You are buckled in, you notice the flight attendant going through the motions of the safety demonstration. The short delay announcement frustrates you and yet you find yourself gripping the armrest as if the plane relied on this very effort to lift it off the tarmac.
Relax. Statistically you are more likely to get struck down as a pedestrian than die in an airplane.
Our irrational fear of flying was the topic of Michael Enright’s radio interview with Author and First Officer Patrick Smith. Smith suggests the fear is normal and natural, admitting there is something about being thousands of feet above the ground moving at hundreds of miles an hour that generates fear for anyone from passenger to pilot. As inherently unsafe as it may sound, flying has been engineered to be the very opposite.
Enright’s questions clearly reflected his own fear of flying, suggesting Smith’s version of a near miss sound more like a near hit. Smith offers that our fear of flying is more likely the result of an over active imagination, interpreting what we hear from the media rather than one based on facts.Smith dubs this the PEF or Passenger Embellishment Factor. The PEF exaggerates a 20 foot drop in altitude to thousands, a 20 degree bank turns into 60 and a lightening strike becomes a ball of light dancing down the aisle.
PEF easily translates to the Participant Embellishment Factor in The Natural Leader programs. To assess people’s comfort level before entering the arena we always ask. “On a scale of one to ten, one being fearful, ten meaning you might have experience with horses and are quite comfortable with the prospects of the day. What is your comfort level working with a horse?” The number of zero’s and negative numbers we have encountered of late is somewhat unsettling.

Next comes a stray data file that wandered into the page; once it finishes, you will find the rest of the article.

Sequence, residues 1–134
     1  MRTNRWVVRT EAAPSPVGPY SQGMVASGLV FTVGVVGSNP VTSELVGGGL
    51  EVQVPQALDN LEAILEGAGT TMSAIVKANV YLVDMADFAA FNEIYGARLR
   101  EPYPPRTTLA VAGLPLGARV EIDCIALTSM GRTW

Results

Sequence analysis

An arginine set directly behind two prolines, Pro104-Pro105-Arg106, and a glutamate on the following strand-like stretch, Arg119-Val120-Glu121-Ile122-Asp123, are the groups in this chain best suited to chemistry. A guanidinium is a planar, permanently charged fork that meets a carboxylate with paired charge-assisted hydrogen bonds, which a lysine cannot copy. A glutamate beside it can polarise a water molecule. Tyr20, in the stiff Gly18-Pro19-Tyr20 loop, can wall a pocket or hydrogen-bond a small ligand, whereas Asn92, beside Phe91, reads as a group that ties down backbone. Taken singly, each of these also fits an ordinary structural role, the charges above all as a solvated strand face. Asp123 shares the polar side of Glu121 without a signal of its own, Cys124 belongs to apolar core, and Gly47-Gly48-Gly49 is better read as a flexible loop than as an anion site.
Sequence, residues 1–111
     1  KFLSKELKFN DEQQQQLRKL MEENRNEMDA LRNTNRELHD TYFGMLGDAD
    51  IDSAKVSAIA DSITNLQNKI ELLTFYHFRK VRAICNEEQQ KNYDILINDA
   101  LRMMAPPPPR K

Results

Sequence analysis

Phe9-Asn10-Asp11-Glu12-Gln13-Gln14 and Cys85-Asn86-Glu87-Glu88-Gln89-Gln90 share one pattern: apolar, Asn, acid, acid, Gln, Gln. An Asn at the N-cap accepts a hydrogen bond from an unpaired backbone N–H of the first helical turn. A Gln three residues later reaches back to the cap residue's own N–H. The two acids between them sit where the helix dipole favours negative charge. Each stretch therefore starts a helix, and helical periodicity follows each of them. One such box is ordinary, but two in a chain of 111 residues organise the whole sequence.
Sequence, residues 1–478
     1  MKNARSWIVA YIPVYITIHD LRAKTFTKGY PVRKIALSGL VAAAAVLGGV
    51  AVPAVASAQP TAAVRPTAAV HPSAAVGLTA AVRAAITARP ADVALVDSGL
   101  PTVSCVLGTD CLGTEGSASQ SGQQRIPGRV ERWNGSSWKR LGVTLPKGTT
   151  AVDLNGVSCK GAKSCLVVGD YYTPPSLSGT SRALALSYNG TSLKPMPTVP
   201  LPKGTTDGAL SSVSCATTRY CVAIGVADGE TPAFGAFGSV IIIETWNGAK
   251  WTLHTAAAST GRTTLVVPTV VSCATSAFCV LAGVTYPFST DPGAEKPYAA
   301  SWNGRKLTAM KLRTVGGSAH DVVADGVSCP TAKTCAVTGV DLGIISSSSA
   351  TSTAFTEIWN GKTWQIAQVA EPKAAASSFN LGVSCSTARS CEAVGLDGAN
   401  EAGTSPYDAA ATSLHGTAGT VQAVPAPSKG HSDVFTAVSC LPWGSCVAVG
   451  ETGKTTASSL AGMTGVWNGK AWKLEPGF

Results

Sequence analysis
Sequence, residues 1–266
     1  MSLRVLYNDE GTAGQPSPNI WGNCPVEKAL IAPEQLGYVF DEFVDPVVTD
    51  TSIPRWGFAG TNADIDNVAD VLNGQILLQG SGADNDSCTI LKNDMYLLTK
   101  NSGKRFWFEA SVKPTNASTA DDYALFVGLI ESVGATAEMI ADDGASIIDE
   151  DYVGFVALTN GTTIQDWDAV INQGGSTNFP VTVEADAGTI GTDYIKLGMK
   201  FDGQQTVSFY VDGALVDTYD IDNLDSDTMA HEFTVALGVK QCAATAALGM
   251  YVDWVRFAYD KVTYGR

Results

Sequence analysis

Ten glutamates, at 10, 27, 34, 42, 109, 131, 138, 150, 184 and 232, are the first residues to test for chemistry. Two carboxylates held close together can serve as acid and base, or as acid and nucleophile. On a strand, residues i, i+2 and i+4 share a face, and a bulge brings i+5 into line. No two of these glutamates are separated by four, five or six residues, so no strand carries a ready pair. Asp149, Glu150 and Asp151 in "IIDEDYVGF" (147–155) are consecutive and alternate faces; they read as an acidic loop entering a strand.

What I have noticed, rarely is there a bad experience to go with that fear, the horse simply represents an unknown. So the idea has worked them into such a state they hadn’t slept or were physically ill at the prospect of the day. Their imagination has filled in the blanks and created the “What if” scenarios for this large and powerful animal.
While the work with horses allows people to experience Leadership moments at the threshold of their comfort zone, fear can get in the way of that opportunity. Our goal is to ensure each person is supported through their learning experience in a manner that suits them best. The sessions often give participants a better understanding of when their fears of failing, or falling, are holding them back as leaders.
I have gained a lot of experience on managing fear around horses. You can’t simply tell someone “Don’t be afraid”, however we can provide information that is relevant and immediate, setting a goal that is attainable. So we start with breathing.
When we are fearful we tend hold our breath in anticipation. Our focus of attention is on the future not the present so we are rarely able to respond to the moment. Focusing on breathing helps people remain in the present so they can recognize and assess the physiological response they are experiencing. Once they notice what is happening in their body they are more likely to be able to name it and therefore manage the emotions associated with the feeling.
One reference tool we have used in our programs is The Awareness Wheel, adapted by Jacques & Associates from the work of Miller, Wackman, Nunnally and Saline. The tool helps bring forward a dialogue on what has generated a reaction or an emotion so we might be more thoughtful in our response. Getting participants to focus on their breath helps them become more present to what might be actually happening in the present.
So the next time you find yourself gripping the armrest like everyone’s life depends on it, remember to breathe. Relax your body and your mind so you can actually enjoy the flight.
CBC Radio Interview >>http://www.cbc.ca/player/Radio/The+Sunday+Edition/Segments/ID/2416721253/
Photo: Oliver getting his Ya Ya’s out before I get on!